Qualified Remodeler Magazine

OCT 2018

Qualified Remodeler helps independent remodeling firms to survive, become more professional and more profitable by providing must-have business information, namely best business practices, new product information and timely design ideas.

Issue link: https://qualifiedremodeler.epubxp.com/i/1038041

Contents of this Issue


Page 21 of 67

he research experts of the remodeling market—econ- omists from universities and associations, building product executives and others—gath- ered for two days last month to examine the outlook for remodeling and home improvement activity. It was the annual Home Improvement Research Institute (HIRI) sum- mit. Most attending agreed that remodeling activity will be very strong in 2019 and beyond. Beneath the surface, however, the industry's fundamentals are quite complex and changing. According to a newly released forecast from John Burns Real Estate Consulting (JBREC), the market is expected to top $372 billion in 2018 and rise to $393 billion by 2021. Similarly, the Joint Center for Housing Studies of Harvard University's Leading Indicator of Remodeling Activity (LIR A) shows strong growth through the end of 2019. 'ere are many contributing factors to this outlook: a strong economy, which grew at 4 percent this past summer; very low unemployment; high consumer con•dence; and real gains in wages. But there are complicating factors too. We are now in the longest business cycle in U.S. history. Next June it will be 10 years old, well past traditional cycles. 'e overall hous- ing market is not rebounding like it has over the past century. New construction building, for example, has not fully recovered and is lag- ging for a number of structural reasons: rising una˜ordability, a lack of housing in growing markets, and a decrease in housing mobility. So the question is not whether there will be a period of slower growth on the horizon. It is a question of when. One key to emerge in understanding the current market is the growing length of time Americans own their homes. People aren't mov- ing as much as they once did. Today, the mobil- ity rate—the average number of years between moves—stands at nearly 10 years, well above the 5.6-year average just a few decades ago. "Mobility is a bit of a puzzle," says Kermit Baker, who founded and manages Harvard's Remodeling Futures Program. "It's a more fundamental question: Why are we moving less? Historically, about 80 percent of moves have been for basically any housing location- al issues, and 20 percent are for long-term family or job issues. 'e second category has stabilized and is starting to head up again. 'ese are people moving from Chicago to Los Angeles to take a new job. 'at seems to be about as common as it used to be. It's within metro areas, or even within neighbor- hoods and communities, where moves are less frequent. 'is would be someone who moves from a 1,500-square-foot house to a 2,500-square-foot house, or who wants to move for better schools." Recent statistics report prices for homes have risen steadily as have mortgage interest rates. And according to Baker, the result is a very high premium for the luxury of moving to another home—something peo- ple did frequently in past decades. 'e re- sult: People are staying in homes longer, and THE NEW REALITY OF LESS MOBILITY Economists and housing experts say the outlook for remodeling activity remains strong. But the fundamentals bear further examination as more homeowners are staying put longer. By Patrick L. O'Toole T they are making investments in them. Some are discretionary projects like new kitchens and baths. Others fall into the repair and replacement category—energy-e§cient win- dows, a new HVAC system or •ber cement siding, among many other project types. For industry researchers, it also means that existing-home sales •gures, which hit 7 million units nationally in 2007, is much less indicative of future remodeling activity than it once was. Its usefulness as a gauge AVERAGE NUMBER OF YEARS BETWEEN MOVES Americans are staying in their homes longer, and the implications for remodelers are significant. It's driving more home activity. Source: JBREC tabulation of Census CPS Survey 10 9 8 7 6 5 4 3 2 1 0 1980's 5.6 6.0 7.3 9.1 1990's 2000's Today EXCLUSIVE REPORT: Remodeling Market Outlook 22 October 2018 QR QualifiedRemodeler.com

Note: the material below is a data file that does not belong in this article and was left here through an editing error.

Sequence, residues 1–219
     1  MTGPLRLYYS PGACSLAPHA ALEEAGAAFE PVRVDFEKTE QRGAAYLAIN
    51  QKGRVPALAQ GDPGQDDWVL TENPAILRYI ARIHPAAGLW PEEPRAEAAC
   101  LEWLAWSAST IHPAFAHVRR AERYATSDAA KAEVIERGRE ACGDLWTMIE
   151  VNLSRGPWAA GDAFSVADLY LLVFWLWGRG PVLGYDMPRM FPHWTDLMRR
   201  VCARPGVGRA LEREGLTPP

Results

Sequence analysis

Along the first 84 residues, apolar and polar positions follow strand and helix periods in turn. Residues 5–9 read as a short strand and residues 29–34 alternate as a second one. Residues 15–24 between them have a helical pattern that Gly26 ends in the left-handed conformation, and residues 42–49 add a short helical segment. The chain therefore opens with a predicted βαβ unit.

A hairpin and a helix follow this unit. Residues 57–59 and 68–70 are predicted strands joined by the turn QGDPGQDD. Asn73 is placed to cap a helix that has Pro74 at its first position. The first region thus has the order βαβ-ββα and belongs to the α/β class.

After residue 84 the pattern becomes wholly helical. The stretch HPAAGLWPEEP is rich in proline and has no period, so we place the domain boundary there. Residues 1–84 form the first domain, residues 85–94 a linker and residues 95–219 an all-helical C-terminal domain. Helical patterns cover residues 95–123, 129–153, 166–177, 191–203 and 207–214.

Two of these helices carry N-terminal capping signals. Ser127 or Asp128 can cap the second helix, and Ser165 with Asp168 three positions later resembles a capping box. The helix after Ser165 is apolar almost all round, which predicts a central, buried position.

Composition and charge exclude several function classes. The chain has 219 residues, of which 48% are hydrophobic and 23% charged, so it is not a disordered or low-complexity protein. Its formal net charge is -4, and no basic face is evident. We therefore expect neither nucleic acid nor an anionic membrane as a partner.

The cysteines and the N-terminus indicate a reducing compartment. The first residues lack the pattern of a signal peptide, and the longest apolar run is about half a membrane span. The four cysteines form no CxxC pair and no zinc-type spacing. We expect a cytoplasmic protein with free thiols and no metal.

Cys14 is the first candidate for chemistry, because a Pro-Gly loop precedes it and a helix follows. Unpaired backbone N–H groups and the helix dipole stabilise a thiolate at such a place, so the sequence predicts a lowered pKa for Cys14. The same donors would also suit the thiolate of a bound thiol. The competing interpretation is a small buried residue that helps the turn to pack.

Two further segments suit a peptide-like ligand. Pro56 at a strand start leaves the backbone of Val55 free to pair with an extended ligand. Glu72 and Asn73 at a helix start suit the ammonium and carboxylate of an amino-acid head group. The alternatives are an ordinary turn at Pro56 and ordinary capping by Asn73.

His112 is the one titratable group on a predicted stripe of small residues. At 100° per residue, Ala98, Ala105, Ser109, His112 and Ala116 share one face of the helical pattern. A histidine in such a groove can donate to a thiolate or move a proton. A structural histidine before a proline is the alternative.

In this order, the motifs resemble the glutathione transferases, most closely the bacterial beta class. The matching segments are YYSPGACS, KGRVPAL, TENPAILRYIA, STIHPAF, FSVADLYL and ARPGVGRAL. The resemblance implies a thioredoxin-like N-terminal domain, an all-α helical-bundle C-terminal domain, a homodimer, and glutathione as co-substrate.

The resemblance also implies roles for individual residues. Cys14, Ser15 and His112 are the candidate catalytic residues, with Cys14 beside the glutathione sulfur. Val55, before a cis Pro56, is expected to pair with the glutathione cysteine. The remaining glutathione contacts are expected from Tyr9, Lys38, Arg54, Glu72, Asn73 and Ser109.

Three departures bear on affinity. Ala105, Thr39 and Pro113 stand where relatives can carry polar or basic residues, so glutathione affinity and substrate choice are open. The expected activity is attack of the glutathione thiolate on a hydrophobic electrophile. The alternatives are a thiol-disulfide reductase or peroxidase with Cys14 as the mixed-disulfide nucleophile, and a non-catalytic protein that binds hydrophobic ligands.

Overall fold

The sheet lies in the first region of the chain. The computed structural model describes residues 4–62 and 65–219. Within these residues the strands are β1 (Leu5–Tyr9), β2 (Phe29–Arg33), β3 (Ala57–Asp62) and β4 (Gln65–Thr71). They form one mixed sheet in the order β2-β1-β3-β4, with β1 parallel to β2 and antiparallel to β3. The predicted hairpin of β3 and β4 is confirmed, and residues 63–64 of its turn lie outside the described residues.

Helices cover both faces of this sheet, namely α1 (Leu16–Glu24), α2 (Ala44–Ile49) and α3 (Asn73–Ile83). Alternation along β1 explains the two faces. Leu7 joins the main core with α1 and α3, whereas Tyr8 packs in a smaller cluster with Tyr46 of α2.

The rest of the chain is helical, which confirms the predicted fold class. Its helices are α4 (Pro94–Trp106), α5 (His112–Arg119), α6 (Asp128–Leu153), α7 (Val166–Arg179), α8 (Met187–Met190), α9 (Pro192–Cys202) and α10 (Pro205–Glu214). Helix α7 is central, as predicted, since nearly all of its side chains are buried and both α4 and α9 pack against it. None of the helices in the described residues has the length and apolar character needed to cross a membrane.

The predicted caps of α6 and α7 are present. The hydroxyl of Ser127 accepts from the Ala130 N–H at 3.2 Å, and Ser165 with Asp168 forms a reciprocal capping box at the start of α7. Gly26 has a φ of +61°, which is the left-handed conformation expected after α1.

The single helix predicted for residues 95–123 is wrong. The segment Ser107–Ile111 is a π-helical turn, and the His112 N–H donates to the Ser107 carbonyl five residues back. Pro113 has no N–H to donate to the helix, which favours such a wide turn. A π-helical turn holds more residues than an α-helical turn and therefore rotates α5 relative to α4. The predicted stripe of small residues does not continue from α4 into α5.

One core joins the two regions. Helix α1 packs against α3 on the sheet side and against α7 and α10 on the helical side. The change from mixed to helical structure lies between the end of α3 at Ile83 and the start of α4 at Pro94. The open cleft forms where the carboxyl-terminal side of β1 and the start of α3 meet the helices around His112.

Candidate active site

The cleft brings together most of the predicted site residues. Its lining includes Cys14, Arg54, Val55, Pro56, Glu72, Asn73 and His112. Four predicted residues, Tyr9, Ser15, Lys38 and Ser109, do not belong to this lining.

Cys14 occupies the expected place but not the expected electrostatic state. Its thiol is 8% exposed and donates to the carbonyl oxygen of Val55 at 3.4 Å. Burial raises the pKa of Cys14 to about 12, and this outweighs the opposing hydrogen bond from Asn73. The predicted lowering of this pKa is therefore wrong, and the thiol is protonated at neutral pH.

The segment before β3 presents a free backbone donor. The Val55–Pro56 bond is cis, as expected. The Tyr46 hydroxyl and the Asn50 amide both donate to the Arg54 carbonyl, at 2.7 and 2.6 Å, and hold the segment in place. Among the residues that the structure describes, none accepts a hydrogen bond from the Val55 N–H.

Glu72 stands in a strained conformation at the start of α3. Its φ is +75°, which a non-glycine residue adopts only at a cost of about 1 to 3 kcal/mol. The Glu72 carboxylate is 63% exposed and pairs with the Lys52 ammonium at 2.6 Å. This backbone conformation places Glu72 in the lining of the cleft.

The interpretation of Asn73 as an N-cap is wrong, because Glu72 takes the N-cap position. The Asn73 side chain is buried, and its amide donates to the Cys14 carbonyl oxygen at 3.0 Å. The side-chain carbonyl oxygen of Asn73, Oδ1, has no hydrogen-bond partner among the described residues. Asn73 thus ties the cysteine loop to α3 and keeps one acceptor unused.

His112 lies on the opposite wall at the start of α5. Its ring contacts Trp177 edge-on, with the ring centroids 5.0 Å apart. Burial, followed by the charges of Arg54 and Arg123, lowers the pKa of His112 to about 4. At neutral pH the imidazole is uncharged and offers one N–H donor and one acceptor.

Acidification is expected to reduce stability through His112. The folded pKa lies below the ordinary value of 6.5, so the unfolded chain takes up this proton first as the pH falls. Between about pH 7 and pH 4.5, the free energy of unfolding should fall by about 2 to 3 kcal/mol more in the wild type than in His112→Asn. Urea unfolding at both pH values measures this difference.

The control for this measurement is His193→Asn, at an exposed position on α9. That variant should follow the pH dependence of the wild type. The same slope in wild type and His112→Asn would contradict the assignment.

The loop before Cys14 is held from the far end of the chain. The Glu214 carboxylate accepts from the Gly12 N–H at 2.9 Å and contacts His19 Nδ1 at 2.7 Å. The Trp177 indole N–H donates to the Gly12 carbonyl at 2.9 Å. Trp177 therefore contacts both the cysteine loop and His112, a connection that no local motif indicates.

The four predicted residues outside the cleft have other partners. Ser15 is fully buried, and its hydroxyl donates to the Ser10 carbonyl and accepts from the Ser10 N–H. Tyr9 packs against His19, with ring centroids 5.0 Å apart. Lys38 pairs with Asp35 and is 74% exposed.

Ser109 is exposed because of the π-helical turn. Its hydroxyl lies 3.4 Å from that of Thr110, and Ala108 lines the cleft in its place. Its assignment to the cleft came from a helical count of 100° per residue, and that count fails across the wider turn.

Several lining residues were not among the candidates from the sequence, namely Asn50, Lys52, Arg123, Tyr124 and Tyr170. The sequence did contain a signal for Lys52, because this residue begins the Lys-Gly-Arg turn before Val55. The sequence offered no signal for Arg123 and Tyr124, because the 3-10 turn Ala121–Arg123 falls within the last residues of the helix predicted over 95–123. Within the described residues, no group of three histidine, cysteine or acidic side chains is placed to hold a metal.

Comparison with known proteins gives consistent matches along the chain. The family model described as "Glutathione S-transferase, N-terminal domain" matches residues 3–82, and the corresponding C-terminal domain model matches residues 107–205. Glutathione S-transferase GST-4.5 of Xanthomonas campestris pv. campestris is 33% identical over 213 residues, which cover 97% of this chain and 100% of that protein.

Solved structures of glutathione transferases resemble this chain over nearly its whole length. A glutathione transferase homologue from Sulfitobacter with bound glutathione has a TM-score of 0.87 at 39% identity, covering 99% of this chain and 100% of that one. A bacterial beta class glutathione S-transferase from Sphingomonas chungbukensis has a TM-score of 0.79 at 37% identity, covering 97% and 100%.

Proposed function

Articles in this issue

Links on this page

Archives of this issue

view archives of Qualified Remodeler Magazine - OCT 2018